Nokia eyes opportunities in defence

Company has staged local demos of rapidly deployable networks

Credit: Dreamstime

Defence is one of the markets where Nokia’s local enterprise sales arm is seeking opportunities for growth, according to Gary Conway.

Conway is Nokia’s vice-president of enterprise sales for Oceania and in that capacity is tasked with heading up the technology company’s ongoing push to expand beyond carriers and service providers.

In late 2016, following the completion of Nokia’s acquisition of Alcatel-Lucent, CEO Rajeev Suri detailed a new strategy for the company based on four key priority areas. One of those priorities was expanding sales to vertical markets where Nokia saw a demand for high-performing, secure networks.

Specifically Nokia would seek to broaden its footprint in the transportation, energy, and public sector markets (‘TEPS’) and among technological extra-large enterprises (‘TXLEs’) and webscale companies.

The company’s entry into the enterprise market has “continued to proceed well,” Suri wrote in a statement accompanying Nokia’s Q2 2018 results, released in July. “Year-on-year sales in constant currency increased approximately 30%, with strength in both vertical markets and webscale companies,” the CEO said.

In Australia, as part of its ‘TEPS’ push, Nokia is chasing growth opportunities across the full public sector spectrum, including federal and state agencies, Conway said.

Of the TEPS verticals, “potentially public sector is going to be the biggest for us here,” he told Computerworld during an interview on the sidelines of Telstra’s Vantage conference in Melbourne.

Conway said Nokia has a range of defence-related communications solutions that have been picked up in other markets, including mobile comms for soldiers, border protection solutions, and rapidly deployable networks.

Although, Nokia is still working to crack open the local defence market, Conway said the company has been staging demonstrations in Australia of rapidly deployable networks designed for use by soldiers.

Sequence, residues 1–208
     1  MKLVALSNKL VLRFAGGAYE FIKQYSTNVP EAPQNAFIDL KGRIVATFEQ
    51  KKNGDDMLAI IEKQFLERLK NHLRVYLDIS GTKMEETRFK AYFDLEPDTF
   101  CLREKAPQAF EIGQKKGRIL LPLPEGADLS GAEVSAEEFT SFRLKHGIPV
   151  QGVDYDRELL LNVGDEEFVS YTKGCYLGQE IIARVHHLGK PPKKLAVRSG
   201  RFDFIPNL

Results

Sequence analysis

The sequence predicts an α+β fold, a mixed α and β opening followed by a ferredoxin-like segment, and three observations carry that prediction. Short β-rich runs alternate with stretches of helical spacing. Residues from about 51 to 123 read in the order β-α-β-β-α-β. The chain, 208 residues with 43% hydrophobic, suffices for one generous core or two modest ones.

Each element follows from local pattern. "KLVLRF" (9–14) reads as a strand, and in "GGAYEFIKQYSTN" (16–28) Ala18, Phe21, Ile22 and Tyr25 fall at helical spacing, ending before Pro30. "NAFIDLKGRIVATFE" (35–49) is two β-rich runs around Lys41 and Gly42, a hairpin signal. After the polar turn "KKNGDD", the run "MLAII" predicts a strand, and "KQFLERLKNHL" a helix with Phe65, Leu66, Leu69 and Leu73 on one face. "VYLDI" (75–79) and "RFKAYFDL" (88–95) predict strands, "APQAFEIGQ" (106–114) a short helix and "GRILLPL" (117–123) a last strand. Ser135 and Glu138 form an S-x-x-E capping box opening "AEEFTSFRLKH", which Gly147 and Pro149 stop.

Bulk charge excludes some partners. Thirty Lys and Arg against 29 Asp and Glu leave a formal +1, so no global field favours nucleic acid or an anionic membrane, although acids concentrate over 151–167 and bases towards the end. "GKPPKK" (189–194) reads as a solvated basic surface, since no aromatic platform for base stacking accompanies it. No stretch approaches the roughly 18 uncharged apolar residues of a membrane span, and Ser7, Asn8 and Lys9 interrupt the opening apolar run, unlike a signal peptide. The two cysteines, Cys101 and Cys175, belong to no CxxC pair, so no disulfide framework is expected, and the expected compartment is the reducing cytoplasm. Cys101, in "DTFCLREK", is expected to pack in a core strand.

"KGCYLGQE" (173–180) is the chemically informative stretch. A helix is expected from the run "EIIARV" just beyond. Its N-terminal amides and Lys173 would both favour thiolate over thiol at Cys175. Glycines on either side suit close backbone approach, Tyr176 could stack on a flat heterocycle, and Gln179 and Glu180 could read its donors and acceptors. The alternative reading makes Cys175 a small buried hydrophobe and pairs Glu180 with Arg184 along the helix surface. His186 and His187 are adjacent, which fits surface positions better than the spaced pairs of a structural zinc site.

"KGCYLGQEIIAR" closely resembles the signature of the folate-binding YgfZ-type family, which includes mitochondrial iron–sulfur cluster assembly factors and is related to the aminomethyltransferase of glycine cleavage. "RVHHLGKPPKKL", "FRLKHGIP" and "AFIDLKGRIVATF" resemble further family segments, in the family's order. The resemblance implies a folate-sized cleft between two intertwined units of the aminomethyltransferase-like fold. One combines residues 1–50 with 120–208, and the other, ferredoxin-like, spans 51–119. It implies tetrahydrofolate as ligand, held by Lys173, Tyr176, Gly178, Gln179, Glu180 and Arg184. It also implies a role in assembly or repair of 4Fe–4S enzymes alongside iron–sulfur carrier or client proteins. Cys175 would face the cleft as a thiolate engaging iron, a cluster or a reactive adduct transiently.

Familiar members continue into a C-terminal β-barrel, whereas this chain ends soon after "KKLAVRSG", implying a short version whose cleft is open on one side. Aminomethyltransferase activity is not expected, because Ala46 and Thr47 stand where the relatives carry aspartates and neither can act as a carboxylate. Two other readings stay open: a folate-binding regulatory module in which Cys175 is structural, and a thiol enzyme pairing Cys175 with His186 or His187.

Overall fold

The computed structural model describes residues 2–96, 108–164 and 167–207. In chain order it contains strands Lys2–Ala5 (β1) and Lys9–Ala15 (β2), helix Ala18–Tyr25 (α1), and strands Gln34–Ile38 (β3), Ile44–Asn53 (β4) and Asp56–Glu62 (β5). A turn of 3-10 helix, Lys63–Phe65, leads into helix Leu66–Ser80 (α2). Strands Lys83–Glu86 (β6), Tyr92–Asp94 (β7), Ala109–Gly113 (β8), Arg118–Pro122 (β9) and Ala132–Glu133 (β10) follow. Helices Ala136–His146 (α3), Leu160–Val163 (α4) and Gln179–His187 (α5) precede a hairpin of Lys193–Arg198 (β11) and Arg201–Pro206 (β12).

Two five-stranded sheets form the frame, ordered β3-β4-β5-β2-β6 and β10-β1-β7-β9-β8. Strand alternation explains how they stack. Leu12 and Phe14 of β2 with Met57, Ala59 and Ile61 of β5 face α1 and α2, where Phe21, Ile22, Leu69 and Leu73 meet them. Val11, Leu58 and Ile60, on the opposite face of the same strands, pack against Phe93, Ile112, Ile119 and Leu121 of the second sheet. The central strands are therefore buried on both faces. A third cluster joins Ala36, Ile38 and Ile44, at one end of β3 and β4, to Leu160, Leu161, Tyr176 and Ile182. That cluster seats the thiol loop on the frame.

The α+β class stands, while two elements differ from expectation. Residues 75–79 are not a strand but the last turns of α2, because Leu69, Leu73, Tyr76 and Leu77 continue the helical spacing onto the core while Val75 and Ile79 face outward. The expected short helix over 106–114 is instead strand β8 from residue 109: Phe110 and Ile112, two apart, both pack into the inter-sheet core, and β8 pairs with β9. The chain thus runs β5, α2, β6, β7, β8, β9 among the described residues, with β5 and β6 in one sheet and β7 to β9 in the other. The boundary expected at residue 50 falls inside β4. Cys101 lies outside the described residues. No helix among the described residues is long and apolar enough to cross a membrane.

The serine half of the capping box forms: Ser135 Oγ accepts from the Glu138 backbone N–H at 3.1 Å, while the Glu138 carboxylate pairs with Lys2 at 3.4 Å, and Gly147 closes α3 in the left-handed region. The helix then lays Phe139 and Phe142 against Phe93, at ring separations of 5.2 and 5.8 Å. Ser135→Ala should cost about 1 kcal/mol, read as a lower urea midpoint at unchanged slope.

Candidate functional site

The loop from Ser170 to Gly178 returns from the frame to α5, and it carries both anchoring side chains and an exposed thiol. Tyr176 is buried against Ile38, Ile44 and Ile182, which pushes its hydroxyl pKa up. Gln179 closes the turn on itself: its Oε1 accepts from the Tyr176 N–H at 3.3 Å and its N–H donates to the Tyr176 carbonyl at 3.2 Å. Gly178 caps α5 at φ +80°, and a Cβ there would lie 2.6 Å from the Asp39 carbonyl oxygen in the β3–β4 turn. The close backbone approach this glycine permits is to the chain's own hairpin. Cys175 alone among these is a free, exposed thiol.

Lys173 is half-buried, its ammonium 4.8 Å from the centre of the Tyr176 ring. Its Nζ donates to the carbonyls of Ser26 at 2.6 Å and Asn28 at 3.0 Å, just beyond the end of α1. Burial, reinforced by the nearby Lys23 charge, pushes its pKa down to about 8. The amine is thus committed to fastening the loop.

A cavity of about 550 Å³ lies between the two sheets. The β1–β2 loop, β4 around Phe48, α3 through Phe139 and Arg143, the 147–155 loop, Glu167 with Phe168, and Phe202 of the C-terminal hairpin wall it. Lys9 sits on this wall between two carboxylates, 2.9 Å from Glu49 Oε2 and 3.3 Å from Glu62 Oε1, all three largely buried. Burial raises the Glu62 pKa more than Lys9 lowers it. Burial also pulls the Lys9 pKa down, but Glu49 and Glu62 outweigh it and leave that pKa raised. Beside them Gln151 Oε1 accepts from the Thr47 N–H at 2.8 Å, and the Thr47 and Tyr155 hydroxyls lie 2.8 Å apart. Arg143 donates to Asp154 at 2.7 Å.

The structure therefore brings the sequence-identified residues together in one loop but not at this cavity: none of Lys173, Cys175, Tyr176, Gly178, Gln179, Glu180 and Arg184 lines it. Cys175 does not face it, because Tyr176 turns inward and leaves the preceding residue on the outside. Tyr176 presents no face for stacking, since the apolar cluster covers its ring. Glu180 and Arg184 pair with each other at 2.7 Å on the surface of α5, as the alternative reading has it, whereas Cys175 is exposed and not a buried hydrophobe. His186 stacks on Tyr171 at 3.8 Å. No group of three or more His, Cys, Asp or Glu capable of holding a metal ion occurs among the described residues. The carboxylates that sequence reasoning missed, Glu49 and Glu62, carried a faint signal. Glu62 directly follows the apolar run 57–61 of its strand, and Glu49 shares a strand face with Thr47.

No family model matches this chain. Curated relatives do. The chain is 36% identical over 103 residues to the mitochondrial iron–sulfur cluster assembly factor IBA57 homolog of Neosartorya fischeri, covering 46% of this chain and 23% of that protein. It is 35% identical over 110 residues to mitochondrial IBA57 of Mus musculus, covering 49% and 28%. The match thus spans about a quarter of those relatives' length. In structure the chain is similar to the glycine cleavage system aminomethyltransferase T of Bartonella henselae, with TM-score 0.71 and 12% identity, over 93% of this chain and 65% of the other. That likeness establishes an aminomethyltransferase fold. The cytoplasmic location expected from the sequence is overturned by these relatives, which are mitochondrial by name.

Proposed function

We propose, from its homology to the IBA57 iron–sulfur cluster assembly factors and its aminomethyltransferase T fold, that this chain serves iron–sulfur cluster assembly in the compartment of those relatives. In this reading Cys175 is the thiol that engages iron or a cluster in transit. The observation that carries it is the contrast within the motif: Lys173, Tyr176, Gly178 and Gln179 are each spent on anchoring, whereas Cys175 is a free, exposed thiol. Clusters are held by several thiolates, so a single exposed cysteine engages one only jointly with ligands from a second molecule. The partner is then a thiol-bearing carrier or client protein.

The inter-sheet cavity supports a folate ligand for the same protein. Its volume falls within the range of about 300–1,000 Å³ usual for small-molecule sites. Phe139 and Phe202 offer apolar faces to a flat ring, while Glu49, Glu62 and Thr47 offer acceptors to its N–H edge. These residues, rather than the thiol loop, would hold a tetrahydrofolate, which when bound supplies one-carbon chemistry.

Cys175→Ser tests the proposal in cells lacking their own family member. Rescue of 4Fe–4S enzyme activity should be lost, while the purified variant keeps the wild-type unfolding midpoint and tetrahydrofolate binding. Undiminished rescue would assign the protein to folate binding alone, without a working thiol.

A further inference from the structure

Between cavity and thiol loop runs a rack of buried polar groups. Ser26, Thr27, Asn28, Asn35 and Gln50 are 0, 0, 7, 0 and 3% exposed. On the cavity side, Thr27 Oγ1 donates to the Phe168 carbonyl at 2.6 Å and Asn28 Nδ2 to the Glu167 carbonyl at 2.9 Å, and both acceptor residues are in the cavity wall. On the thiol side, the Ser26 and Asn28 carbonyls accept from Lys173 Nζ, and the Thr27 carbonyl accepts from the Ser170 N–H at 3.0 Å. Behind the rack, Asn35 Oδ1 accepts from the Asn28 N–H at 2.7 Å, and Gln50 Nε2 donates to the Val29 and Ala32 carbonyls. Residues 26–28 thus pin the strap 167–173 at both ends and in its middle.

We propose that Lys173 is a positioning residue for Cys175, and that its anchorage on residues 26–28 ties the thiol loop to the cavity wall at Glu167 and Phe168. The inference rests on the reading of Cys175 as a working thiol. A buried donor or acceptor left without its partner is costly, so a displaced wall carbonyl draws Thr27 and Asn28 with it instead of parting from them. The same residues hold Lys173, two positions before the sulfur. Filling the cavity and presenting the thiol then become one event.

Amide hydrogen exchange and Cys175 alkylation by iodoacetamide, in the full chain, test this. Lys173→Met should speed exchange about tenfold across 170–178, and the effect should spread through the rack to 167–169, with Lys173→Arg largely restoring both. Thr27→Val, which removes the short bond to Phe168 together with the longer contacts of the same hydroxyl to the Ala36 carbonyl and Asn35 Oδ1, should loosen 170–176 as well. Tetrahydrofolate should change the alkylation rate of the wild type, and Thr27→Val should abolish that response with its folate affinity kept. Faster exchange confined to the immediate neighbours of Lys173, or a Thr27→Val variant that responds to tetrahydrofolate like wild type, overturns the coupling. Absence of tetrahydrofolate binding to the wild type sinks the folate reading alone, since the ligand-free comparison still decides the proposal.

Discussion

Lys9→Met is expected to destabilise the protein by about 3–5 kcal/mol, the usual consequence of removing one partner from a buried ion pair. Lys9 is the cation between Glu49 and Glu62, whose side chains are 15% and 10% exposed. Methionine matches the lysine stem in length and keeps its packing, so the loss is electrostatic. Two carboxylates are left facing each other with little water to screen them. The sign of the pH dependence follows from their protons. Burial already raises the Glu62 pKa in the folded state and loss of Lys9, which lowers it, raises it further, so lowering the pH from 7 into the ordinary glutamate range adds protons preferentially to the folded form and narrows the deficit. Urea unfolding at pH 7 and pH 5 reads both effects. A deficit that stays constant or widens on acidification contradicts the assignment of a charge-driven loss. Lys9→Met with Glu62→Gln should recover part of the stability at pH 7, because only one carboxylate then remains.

“It’s fair to say in Australia, that’s still a pipeline activity for us — but globally we’ve got some pretty significant references of, generally, an LTE rapidly deployable solution for infantry and small groups of army personnel,” he said.

A 32kg backpack fitted with a small cell can be carried by an individual or mounted on a truck and used to provide 4G connectivity.

In Australia, the company’s enterprise strategy is building on a strong Altacel-Lucent heritage of selling carrier technologies to large businesses, including resources company Rio Tinto, Queensland’s  Energex and New South Wales’ Ausgrid.

In the transport sector, rail — metro and industry — and air are both key areas of growth. Road, which globally is a significant market for Nokia, is less developed. Both utilities and resources are strong Australian markets for the company, Conway said.

Nokia says that growth is being driven both by the decreasing cost of accessing carrier-grade technology and enterprises’ increasing reliance on networks for mission-critical activities.

The author travelled to Telstra Vantage in Melbourne as a guest of Telstra.

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